ENG 410: Messiahs in Modern Jewish Literature 

T 5:30-9:10

Taught by Professor Michael Weingrad

How have the religious concepts of redemption, apocalypse, and messianism been transformed in modern Jewish literature? How are these concepts used to convey the experience of secular modernity, of Zionist state-building, of the Holocaust? We will read a range of novels and poems by major modern writers such as Isaac Bashevis Singer and Uri Zvi Greenberg, all in English translation, as well as theoretical and historical essays about Jewish messianic movements from antiquity to the present. Recommended: a course in modern Jewish literature or history.


 

Winter 2013

 


 

 

ENG 367U Jewish American Literature and Culture  

MW - 14:00-15:50 

Taught by Professor Michael Weingrad 

 

Between 1880 and 1920, over two million Jewish immigrants from eastern Europe arrived in the United States.  These immigrants and their American-born children and grandchildren integrated into American life while helping shape what American life would be.  This course looks at this process through literature, film, art, and music produced by Jews in the United States in the first half of the twentieth century.  We will consider the immigrant experience, the fate of Yiddish and Hebrew culture in America, the process of Americanization, the nature of ethnic identity, and the relationship between American Jews and radical politics.  

Texts include: 

Abraham Cahan, The Rise of David Levinsky 

Ruth Wisse, A Little Love in Big Manhattan 

Isaac Rosenfeld, Passage from Home 

Lionel Trilling, The Middle of the Journey 

 

HST 407E/507E Research Seminar: The Shtetl 

T 1400-1700 

Taught by Professor Natan Meir 

 

This course explores the reality and the image of the shtetl — the small Jewish market-town in Eastern Europe — through an array of primary sources that include memorial books and memoirs, photographs and film, literary works, archival documents, and oral history. Students will write a research paper on a topic of their choice using primary sources in translation; class time will involve intensive work with primary sources and workshopping of works in progress to support students’ ongoing research and writing. 

Prerequisite: HST 300 and HST 405E or consent of the instructor. Students who have not completed HST 300 will be unable to register for this course via web registration. 

 

HST497/597 Film and History - Yiddishlands: Yiddish Culture through Film 

M 17:30-21:10 

Taught by Professor Natan Meir 

 

The millennia-old culture of East European Jews responded to the modern age in a variety of ways; one of these was film. In the first half of the twentieth century, a rich array of films in the Yiddish language was produced in Poland, the Soviet Union, and the United States. This course samples the most significant of those films, along with relevant literature, poetry, and historical documents, in order to provide an understanding of the history and culture of the Jews of Eastern Europe, the largest Jewish community in the world up to the Holocaust.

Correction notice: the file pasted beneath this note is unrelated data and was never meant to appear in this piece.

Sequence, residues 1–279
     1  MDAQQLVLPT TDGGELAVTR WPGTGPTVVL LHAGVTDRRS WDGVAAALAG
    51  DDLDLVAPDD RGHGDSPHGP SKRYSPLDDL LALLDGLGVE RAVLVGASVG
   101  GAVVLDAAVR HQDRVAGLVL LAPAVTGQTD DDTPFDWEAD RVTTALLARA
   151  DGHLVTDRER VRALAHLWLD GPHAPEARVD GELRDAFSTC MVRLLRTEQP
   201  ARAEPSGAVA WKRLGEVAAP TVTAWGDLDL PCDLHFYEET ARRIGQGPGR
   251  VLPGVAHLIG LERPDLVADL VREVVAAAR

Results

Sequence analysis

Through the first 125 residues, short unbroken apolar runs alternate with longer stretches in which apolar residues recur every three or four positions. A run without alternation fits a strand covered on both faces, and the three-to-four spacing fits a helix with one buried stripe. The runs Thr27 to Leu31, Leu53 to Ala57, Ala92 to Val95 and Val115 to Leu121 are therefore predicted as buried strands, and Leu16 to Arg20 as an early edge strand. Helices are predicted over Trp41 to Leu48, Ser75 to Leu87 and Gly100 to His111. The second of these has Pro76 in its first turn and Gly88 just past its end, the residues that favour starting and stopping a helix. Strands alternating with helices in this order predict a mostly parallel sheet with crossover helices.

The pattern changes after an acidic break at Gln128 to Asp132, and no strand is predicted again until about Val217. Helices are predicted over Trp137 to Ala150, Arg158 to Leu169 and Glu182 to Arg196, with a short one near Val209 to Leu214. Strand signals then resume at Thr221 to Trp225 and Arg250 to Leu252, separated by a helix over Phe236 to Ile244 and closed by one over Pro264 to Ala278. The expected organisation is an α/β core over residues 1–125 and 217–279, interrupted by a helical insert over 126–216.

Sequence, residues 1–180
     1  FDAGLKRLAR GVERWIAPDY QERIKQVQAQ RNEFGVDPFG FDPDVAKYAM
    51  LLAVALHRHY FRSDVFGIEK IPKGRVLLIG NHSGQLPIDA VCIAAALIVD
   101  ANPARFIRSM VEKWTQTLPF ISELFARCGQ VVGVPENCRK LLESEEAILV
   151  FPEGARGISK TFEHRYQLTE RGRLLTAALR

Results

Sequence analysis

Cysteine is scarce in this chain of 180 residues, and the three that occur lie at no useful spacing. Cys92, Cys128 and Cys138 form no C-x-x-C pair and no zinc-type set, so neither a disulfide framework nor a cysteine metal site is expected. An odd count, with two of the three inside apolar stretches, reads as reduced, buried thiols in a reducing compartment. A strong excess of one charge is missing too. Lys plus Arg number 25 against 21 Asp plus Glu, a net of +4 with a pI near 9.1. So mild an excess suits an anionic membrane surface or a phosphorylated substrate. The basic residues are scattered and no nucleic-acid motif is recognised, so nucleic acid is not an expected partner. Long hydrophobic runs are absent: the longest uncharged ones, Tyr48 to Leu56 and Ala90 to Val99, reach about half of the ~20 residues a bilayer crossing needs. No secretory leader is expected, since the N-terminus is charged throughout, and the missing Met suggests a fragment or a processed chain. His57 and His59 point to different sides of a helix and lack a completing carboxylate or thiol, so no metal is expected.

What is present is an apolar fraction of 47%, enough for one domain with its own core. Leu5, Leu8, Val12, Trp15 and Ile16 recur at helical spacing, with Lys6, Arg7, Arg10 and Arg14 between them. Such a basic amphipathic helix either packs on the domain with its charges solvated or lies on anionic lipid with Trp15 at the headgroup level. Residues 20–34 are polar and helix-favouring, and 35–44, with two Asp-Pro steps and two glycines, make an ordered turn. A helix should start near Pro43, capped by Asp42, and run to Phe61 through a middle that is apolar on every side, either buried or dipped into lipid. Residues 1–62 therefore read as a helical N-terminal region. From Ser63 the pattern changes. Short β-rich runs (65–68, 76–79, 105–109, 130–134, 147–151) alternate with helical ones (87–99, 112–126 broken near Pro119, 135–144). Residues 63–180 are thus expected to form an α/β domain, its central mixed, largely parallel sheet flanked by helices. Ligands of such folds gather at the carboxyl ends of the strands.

HST  399 Jewish History I: Ancient to Medieval

Tues/Thurs 14:00-15:50

Taught by Professor Loren Spielman

This class is the first in a two semester introduction to the study of Jewish history, religion and culture (no prerequisites are required). The course is organized to introduce students to the Jewish historical experience from its Biblical origins through the end of the first millennium CE primarily by means of close readings of primary sources. Throughout the course, equal attention will be paid to the social and political history of the Jews and the development of Jewish thought in the cultural context of the Ancient and Late Antique Mediterranean world.  By the end of this course, students will be able to identify the key figures, institutions and events in Ancient and Early Medieval Jewish History and demonstrate their importance to the development of Jewish thought and culture. Students will also be exposed to the diverse forms of Jewish life under Persian, Greco-Roman, Early Christian and Muslim rule and examine the boundaries of pre-modern Jewish cultural and religious identity. Lastly, students will be introduced to the various genres of Jewish literature, including texts from the Bible, the Talmud and the Dead Sea Scrolls.

 

RST 415 Contemporary Issues in Religious Studies  

Christians and Jews in Antiquity: Ancient Sources and Contemporary Responses 

Tues/Thurs 12:00-13:50

Taught by Professor Loren Spielman